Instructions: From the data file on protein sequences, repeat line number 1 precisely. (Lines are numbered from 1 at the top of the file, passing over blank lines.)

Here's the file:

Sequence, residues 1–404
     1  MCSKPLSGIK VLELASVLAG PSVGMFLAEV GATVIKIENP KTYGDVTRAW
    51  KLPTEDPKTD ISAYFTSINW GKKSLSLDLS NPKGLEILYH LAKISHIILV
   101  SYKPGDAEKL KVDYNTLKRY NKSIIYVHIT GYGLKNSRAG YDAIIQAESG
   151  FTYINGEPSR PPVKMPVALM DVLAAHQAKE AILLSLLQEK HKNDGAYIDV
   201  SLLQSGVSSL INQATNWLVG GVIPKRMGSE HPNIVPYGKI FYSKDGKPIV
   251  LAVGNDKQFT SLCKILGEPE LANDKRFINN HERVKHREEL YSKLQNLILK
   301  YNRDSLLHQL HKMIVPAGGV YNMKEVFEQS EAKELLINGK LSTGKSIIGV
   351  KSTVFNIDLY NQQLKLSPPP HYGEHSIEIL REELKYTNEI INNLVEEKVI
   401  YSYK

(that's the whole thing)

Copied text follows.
Sequence, residues 1–404